overwhelming majority, produced correctly. For instance, no children produced
forms like /wvgiz/ for wugs. It would seem from this that the rules of allomorphy
were learned quickly and completely by children even before the irregular
plurals were acquired. The latter never had the function of serving as a model
for the children. Thus when children were told that the plural of ox was oxen
and learned to use it correctly they never used it as a model for forming the
plural of box or fox, for example. From this one can conclude that children
intuitively recognise that an inflectional form, which is quantitatively rare in a
language, can never act as a model in forming the plural for new, unknown
words.
The position with verbs is somewhat more complex. While it is true that
weak verbs predominate in acquisition, as they do in English language history,
the irregular verbs are subdivided. The dominant pattern here seems to be that of
the verb with a change in stem vowel (technically called ablaut) as opposed to
other irregular verbs. Thus one can sometimes find has brung for brought
(alongside bringed) on the basis of sung which has the same vowel in the
infinitive. Some of these forms can survive into adult speech and if this happens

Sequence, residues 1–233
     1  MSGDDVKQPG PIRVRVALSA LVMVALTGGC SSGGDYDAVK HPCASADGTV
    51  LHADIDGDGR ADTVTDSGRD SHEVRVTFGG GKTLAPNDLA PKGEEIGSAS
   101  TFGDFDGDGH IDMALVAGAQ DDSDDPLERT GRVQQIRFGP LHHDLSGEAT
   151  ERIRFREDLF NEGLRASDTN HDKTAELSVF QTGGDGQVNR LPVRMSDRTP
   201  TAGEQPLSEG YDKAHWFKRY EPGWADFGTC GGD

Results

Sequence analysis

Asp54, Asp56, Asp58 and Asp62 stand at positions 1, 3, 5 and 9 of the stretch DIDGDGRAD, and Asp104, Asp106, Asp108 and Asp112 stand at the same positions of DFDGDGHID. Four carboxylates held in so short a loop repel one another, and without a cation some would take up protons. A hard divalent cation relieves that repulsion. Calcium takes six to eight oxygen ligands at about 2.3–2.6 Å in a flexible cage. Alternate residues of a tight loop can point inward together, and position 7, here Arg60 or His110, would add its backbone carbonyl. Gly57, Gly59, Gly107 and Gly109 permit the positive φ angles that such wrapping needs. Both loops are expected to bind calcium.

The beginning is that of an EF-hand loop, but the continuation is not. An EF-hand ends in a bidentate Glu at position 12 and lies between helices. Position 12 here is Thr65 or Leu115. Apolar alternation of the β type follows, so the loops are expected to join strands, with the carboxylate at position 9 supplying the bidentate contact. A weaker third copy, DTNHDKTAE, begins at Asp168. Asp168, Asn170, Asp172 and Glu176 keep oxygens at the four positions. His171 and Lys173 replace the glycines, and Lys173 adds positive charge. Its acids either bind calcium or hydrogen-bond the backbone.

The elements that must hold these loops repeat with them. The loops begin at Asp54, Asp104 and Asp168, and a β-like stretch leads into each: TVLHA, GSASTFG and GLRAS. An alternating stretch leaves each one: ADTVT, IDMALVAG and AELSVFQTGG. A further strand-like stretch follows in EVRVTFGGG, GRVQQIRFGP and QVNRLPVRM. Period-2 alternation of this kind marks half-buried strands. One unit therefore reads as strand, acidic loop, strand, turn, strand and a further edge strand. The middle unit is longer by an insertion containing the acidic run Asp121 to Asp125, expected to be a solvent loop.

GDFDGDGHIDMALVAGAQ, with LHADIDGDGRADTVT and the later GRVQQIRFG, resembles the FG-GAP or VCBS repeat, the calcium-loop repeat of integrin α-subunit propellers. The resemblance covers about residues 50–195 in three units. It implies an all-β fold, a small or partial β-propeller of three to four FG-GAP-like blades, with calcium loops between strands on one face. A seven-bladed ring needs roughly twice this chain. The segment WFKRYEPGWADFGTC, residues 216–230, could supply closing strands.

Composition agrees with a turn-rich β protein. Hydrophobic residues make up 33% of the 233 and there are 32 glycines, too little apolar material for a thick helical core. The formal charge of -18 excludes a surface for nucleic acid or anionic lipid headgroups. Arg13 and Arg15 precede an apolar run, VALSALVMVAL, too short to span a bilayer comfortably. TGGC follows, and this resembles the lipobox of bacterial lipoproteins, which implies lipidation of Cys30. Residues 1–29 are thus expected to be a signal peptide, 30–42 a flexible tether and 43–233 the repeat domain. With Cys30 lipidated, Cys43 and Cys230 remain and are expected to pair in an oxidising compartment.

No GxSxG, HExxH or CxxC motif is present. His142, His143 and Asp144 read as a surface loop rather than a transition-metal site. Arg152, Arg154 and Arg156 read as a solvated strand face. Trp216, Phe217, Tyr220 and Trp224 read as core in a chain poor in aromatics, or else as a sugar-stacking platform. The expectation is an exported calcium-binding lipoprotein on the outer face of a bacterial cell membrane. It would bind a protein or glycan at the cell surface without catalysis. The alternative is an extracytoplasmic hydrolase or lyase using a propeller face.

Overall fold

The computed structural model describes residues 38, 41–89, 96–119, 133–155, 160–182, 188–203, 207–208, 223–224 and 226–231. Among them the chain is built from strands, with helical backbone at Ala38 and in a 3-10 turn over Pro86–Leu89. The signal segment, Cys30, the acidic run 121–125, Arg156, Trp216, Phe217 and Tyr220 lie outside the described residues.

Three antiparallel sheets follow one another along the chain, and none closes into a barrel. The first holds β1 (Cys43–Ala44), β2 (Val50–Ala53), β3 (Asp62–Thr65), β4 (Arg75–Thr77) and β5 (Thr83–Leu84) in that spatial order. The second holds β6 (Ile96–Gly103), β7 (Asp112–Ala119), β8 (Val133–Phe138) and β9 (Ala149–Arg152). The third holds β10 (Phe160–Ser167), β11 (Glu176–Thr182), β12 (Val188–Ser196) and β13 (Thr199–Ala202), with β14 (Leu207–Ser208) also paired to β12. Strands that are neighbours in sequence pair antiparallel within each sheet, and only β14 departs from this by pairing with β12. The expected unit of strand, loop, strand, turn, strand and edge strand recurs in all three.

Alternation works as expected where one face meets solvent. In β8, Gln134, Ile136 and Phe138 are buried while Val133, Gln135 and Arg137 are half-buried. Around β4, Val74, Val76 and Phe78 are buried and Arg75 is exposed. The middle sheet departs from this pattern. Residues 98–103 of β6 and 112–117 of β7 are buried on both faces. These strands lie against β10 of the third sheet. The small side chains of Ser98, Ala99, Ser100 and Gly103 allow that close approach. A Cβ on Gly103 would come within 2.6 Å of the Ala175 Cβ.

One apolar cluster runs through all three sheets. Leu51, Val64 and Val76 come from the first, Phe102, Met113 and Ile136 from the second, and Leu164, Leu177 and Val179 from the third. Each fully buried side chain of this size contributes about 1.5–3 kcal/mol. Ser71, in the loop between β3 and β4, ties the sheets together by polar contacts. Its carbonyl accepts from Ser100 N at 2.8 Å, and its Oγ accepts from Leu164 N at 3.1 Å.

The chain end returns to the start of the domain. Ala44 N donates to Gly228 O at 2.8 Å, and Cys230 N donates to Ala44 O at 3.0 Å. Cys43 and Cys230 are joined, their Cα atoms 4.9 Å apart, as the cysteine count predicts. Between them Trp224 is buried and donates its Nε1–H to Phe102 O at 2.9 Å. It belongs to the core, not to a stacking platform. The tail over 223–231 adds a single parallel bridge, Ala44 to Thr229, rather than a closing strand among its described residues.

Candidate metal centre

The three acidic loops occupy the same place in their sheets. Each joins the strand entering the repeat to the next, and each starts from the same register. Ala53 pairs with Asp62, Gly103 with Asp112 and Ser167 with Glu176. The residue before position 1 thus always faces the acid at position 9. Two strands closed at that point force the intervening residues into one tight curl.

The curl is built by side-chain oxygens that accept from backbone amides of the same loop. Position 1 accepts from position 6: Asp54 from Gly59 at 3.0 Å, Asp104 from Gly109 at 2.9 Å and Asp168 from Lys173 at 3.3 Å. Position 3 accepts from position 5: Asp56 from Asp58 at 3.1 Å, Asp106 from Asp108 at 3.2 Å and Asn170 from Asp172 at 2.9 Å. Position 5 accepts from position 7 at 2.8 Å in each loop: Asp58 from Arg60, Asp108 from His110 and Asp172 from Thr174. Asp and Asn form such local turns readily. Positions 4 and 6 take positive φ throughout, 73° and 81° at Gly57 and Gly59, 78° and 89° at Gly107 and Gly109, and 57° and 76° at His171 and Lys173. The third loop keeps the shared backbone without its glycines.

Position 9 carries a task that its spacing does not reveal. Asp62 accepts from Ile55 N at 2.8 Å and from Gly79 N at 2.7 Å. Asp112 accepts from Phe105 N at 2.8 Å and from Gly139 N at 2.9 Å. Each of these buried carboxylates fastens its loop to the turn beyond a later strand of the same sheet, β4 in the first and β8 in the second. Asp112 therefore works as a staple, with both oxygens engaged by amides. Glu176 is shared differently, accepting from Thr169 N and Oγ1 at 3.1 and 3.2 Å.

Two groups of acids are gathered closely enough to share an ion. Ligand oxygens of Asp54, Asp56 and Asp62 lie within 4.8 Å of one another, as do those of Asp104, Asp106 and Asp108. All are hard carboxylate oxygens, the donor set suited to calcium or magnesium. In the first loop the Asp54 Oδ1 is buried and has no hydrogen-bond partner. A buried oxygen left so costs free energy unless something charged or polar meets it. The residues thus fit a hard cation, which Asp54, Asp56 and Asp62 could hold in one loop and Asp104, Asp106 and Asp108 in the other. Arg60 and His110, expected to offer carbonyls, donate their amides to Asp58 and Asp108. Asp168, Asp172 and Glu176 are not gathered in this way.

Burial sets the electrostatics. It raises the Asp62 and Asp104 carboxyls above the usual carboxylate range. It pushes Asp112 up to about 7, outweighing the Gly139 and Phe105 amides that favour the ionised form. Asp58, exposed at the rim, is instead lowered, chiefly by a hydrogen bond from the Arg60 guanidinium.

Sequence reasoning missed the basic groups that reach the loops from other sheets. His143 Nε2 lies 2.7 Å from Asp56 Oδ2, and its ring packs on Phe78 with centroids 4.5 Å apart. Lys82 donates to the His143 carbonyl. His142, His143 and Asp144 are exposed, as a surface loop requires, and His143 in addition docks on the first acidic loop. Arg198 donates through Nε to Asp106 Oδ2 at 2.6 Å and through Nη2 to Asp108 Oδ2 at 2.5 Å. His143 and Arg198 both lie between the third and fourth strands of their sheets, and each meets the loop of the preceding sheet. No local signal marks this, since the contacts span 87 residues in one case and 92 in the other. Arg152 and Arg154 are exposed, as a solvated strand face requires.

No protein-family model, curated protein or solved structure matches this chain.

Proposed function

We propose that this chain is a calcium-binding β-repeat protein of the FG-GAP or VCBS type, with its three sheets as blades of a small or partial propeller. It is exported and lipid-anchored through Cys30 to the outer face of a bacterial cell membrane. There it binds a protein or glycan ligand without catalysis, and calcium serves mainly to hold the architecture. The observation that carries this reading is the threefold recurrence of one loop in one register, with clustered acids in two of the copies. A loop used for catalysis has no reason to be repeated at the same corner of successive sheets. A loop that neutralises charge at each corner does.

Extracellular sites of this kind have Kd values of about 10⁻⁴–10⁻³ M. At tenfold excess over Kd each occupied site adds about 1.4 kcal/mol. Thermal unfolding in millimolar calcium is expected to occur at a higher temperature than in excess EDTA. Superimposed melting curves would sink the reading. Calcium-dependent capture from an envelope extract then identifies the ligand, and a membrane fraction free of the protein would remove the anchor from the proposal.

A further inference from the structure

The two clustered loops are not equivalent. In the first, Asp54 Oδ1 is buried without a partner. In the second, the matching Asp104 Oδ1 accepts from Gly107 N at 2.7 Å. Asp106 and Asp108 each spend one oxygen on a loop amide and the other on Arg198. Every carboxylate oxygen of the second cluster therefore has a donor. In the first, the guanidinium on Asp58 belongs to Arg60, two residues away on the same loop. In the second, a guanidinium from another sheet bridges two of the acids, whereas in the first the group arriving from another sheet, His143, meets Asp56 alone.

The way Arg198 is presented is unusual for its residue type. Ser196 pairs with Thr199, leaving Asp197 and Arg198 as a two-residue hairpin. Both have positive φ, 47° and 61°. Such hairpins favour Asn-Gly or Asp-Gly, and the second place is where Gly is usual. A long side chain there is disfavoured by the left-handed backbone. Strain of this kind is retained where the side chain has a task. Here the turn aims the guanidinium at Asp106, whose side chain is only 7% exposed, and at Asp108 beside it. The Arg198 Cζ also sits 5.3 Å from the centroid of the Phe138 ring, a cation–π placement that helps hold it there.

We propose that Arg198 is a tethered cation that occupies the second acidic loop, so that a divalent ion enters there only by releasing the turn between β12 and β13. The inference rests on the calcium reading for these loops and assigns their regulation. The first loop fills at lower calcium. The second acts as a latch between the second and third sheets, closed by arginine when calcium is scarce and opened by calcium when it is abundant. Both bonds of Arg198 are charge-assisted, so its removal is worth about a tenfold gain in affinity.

across an entire community then they can become typical of a variety of English
as has happened with brung in the Lower South of the United States.

1.7 The acquisition of syntax

The focus of attention here is on the increasing ability of children to produce


complex sentences. How this ability arises and the stages of development which
it shows have been the subject of intensive research by scholars, notably those
involved in syntactic theories, such as generative grammar.
Before looking at details of the acquisition of syntax it is necessary to
point out certain analytical difficulties. Children start with the so-called
holophrastic stage in which a single word has the function of an entire sentence
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in adult language. Later on they move to two, three, four and more word
utterances. At each of these stages the forms they use are usually incomplete
morphologically. In a sentence like Mummy hum often and without contextual
information one cannot say whether this is a present tense sentence with the
inflectional -s missing or a past tense one with the ending for the past (-ed)
missing. In practical terms this means that the investigator is dependent on clues
from the context in which sentences are uttered. A further difficulty lies in the
interpretation of forms which children show. Say a child at some stage first uses
the present continuous tense as in Daddy working in his room. The question
which poses itself for the investigator is whether this already represents a
productive use of the present continuous or whether it is mere imitation of a
sentence heard on the part of the child. Only a large quantity of data can help
here.
The acquisition of syntax becomes significant when the child starts
producing complex sentences. A sentence is considered as complex when it
shows coordination and/or embedding. These features can occur recursively in a
sentence. To begin with the child forms simple paratactic sentences (consisting